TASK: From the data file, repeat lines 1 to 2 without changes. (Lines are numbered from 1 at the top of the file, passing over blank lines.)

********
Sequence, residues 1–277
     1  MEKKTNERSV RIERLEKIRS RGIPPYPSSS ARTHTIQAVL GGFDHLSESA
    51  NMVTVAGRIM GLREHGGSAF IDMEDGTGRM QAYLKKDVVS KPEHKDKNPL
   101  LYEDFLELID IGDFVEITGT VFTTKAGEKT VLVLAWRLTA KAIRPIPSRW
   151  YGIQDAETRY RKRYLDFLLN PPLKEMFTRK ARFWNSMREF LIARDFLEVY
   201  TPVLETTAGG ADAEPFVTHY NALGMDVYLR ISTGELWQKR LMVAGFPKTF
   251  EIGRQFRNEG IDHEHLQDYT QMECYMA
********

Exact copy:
Sequence, residues 1–277
     1  MEKKTNERSV RIERLEKIRS RGIPPYPSSS ARTHTIQAVL GGFDHLSESA